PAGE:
Leila, a classical pianist, and Daniella, classical violinist turned bluegrass/jazz fiddler, found common ground in Beethoven and Radiohead and got to work immediately. After five weeks of early morning rehearsals, picking apart a classical sonata and arranging the complexities of modern rock, the duo performed a recital in Palazzo Petrignani. Beneath a veil of frescoes with the sound of church bells echoing across the Umbrian hillside, they presented Beethoven's Fourth Violin and Piano Sonata, Radiohead selections, and a couple of Neapolitan street songs (to the delight of their Italian friends) to their fellow classmates, instructors and residents of Amelia. The recital was a hit, and due to popular request, the duo performed two weeks later in Palazzo Venturelli.

After a fabulous summer of playing music together in beautiful Amelia, the duo was sad to "break up the band." As luck would have it, Daniella and Leila both live in the New York metro area, and they reunited in the US after their summer abroad. The duo has continued to expand their repertoire, and they have a rapidly growing playlist of classical pieces, tango, traditional folk songs, and music by David Bowie, Portishead, the Gotan Project, the Beatles, and many others.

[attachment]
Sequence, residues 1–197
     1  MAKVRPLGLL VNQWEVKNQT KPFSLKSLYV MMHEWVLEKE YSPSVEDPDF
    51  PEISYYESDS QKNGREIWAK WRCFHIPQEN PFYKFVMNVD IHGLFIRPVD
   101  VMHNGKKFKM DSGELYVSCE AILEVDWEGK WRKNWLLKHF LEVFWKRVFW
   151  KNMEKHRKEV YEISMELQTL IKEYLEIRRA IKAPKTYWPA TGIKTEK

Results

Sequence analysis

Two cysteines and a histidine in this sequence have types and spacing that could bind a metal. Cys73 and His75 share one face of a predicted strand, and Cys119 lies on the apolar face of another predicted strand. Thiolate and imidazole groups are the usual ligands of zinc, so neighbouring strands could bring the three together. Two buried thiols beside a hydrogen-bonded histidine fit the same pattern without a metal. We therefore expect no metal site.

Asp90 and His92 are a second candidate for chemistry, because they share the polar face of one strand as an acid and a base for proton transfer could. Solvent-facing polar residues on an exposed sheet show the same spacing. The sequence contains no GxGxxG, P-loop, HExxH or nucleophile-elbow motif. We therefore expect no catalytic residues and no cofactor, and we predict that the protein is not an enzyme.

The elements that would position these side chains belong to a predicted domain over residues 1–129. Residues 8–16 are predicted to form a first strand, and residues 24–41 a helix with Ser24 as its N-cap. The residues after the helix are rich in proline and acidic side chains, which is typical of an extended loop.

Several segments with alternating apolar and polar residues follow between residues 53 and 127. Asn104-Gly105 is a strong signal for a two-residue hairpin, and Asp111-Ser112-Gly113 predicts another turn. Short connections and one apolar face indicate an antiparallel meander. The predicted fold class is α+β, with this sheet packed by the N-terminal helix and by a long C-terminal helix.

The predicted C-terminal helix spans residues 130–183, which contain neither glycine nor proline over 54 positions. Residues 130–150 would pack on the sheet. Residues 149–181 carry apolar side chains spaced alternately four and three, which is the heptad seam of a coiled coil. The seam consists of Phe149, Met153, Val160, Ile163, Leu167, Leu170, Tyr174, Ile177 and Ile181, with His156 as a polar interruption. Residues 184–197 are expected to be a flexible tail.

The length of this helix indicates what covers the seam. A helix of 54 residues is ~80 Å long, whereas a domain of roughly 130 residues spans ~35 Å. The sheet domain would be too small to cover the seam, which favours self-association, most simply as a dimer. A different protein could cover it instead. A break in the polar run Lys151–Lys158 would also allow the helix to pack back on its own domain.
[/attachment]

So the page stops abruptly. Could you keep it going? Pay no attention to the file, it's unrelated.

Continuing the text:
Ironically, one of the most difficult tasks facing the girls was creating a suitable name for the group. After months of debate, Daniella and Leila finally agreed on "Classical Twist," inspired by their classical training, fancy cocktails, and their own personal "twist" that they give songs.

Since returning from Italy, Classical Twist has performed at private parties, holiday functions, and restaurants and have a number of performances lined up this spring. Daniella and Leila look forward to continuing to share their love of music and are working on a number of albums to share with their fans. Playing together reminds the girls of their wonderful summer adventures in Umbria, Italy, a place filled with beautiful art, delicious food, musical memories, and wonderful friends.

To learn more about Classical Twist and hear samples, please visit, and stay tuned for new site coming soon!